Rural housing has attracted considerable attention in the recent years just as much as the rural markets in general have. In a policy sense, recognition of housing deficiencies was at the centre of several rural development programs. After all, rural India accommodates over 700 million people today. There is of course heterogeneity within the ‘rural areas’; some are fairly large and close to the urban centres. Some are small and remote. There are many in between the spectrum. Some villages are ‘rich’ as the average farm holdings may be large and there is irrigation. Likewise the rural housing needs are also varied depending on the needs of cultivators: e.g space for storage of output and space for livestock. There is no question of rural housing demand not rising as the overall economic growth is taking place. It is also well recognised that improvement and expansion in the rural housing stock would lead to gains in labour productivity and positive health benefits. There are, however, constraints to faster improvements. There are indeed policy measures to relax some of the constraints such as subsidies to the poor or support to drinking water supply schemes; there are also market developments such as innovations that help bring down the cost of house construction. But there is also a central role that the village panchayats ought to play to make a positive difference to the quality of life in rural habitations.
It is now fairly well recognised that demand for rural housing is constrained, among other factors, surprisingly by availability of land for building houses. The rising requirement of land for livelihood over time has meant that there is hardly any ‘common panchayat land’ available for non-agricultural uses, including for housing. Also most government land and forest land in the countryside has also been fairly extensively encroached. Besides the physical availability of land in rural areas for housing, the land problem has yet another dimension: the legal ownership rights to village land are often undefined and unclear. All this essentially means market for land for rural housing is also thin and ineffective. Paradoxically, there are indeed hot land markets in the villages close to the large cities and metros as the urban requirements for land have also increased in the recent years. But this is not the bulk of the rural areas. Housing in rural India is still largely for own use rather than for sale and resale. And one important reason for this again is associated among other things with the problem of transferring ownership rights.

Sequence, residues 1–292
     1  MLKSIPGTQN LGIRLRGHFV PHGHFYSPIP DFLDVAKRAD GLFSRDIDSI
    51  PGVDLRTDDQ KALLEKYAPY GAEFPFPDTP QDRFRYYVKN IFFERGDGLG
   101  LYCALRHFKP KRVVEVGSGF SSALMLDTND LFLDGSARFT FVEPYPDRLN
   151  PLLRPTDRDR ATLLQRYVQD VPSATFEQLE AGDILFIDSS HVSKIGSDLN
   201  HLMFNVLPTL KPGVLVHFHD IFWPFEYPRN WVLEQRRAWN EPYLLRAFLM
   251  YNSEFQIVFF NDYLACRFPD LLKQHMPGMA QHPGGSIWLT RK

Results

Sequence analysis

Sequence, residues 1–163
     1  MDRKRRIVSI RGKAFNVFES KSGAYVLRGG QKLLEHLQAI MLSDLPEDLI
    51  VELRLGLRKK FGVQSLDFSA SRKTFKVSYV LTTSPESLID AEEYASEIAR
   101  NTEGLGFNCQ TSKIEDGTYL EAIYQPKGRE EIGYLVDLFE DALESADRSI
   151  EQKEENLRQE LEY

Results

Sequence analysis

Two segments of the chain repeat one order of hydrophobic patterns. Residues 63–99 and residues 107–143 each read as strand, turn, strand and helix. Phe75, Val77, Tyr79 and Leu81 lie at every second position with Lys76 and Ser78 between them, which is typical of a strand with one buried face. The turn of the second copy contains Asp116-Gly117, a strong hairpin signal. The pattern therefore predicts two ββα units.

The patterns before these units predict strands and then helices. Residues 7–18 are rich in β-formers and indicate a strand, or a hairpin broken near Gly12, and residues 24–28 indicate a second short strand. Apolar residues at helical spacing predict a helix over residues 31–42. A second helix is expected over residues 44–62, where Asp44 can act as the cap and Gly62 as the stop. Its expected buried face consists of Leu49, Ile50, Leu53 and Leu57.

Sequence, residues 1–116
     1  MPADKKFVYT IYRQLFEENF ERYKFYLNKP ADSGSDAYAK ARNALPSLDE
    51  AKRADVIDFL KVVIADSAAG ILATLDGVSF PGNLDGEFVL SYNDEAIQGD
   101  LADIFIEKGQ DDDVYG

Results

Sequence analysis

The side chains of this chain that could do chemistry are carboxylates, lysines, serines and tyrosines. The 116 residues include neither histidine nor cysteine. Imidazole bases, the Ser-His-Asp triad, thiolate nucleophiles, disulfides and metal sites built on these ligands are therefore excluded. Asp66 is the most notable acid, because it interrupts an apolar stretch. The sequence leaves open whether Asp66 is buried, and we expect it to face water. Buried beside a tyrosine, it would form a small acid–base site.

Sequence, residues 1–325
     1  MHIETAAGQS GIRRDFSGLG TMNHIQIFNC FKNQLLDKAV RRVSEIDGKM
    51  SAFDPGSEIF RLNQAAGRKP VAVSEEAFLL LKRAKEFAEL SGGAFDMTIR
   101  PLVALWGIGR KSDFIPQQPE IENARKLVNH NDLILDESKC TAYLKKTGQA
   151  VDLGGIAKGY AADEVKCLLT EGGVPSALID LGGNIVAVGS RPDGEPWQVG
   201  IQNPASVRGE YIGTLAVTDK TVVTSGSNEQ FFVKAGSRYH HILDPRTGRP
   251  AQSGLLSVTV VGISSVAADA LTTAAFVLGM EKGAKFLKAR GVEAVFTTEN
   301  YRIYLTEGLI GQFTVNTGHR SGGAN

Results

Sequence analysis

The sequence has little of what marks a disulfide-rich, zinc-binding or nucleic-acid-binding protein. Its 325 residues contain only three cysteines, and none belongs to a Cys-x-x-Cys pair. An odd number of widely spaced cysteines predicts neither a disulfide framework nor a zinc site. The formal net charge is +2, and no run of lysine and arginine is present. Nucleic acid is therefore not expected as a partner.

A distinctive aspect of rural housing, which is seldom recognised, is the lack of planning of rural habitations. They probably were planned at some point of time keeping in mind the security aspect besides their being less suitable for cultivation or having better drainage. But growth of population and other economic activities have led to deterioration of the quality of local environment. The problem is particularly acute in low rainfall and unirrigated areas.
The poor state of habitations is an economic problem. Barring some exceptional cases, with community initiatives as in the case of Ralegan Sidhi, or some of the ‘model villages’ there is lack of collective action to improve the overall rural habitat conditions. There are indeed many other civil society initiatives for building better rural houses. The Rural Building Centres fashioned on the success of the initiatives in Kerala have not quite succeeded elsewhere. The rural infrastructure programs do bring in roads, electricity, drinking water and sanitation. But convergence of these various programs with housing and habitation plan is largely missing. The role that panchayats can play in this respect as units of self-government is indeed huge. But as with municipalities, this is largely an issue of capacity and institutional strengths.